GERNSBACHER, M.A., HARGREAVES, D., & BEEMAN, M. (1989). Building and accessing clausal representations: The advantage of first mention versus the advantage of clause recency. Journal of Memory and Language, 28, 735-755.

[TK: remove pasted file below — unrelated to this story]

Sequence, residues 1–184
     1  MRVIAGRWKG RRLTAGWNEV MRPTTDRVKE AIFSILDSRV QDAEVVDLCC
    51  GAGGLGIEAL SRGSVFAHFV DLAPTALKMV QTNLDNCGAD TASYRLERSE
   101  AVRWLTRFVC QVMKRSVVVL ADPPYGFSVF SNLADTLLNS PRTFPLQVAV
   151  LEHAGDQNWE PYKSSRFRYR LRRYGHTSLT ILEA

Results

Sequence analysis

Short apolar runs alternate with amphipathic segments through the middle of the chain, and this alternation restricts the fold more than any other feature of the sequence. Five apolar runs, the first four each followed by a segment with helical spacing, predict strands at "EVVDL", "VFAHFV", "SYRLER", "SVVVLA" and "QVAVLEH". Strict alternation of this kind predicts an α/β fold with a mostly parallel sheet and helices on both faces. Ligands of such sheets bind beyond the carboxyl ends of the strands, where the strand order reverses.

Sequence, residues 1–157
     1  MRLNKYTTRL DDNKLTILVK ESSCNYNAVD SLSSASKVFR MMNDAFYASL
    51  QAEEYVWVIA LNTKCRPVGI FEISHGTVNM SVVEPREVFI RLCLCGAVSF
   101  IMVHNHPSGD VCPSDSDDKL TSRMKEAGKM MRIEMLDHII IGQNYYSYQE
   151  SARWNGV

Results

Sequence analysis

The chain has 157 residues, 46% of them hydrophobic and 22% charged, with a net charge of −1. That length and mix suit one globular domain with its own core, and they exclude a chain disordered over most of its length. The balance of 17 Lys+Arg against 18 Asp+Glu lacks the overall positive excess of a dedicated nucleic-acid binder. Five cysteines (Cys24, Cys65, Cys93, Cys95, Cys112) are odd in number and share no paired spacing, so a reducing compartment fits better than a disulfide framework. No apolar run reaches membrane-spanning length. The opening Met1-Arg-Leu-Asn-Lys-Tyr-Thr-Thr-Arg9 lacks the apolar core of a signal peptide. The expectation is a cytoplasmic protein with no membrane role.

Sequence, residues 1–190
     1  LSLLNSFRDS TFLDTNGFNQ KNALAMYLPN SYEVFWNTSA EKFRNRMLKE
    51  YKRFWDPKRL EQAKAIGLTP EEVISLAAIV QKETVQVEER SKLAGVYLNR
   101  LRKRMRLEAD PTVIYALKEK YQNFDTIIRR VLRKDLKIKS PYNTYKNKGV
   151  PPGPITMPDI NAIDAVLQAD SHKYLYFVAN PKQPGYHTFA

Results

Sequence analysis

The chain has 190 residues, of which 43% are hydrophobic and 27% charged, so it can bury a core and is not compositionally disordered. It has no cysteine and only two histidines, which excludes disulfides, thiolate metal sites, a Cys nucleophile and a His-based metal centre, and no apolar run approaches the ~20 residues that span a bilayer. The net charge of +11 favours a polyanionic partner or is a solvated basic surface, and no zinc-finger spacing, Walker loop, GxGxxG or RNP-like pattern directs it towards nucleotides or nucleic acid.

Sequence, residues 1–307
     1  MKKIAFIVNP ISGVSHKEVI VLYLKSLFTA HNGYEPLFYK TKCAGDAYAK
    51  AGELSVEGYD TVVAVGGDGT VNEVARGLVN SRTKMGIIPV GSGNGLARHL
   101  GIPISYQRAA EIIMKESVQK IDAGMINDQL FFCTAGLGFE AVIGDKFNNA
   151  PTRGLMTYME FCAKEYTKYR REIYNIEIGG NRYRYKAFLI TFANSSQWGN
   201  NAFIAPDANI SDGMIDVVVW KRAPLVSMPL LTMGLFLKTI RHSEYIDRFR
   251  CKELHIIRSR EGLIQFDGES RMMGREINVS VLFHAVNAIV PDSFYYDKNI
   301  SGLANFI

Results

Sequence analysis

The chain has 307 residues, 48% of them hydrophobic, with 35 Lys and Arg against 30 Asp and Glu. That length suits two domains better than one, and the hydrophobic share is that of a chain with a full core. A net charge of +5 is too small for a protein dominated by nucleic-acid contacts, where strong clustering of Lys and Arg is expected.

We investigated two seemingly contradictory phenomena: the Advantage of the First-Mentioned Participant (participants mentioned first in a sentence are more accessible than participants mentioned second) and the Advantage of the Most Recent Clause (concepts mentioned in the most recent clause are more accessible than concepts mentioned in an earlier clause). We resolved this contradiction by measuring how quickly comprehenders accessed participants mentioned in the first versus second clauses of two-clause sentences. Our data supported the following hypotheses: Comprehenders represent each clause of a two-clause sentence in its own mental substructure. Comprehenders have greatest access to information in the substructure that they are currently developing, that is, they have greatest access to the most recent clause. However, at some point, the first clause becomes more accessible because the substructure representing the first clause of a two-clause sentence serves as a foundation for the whole sentence-level representation.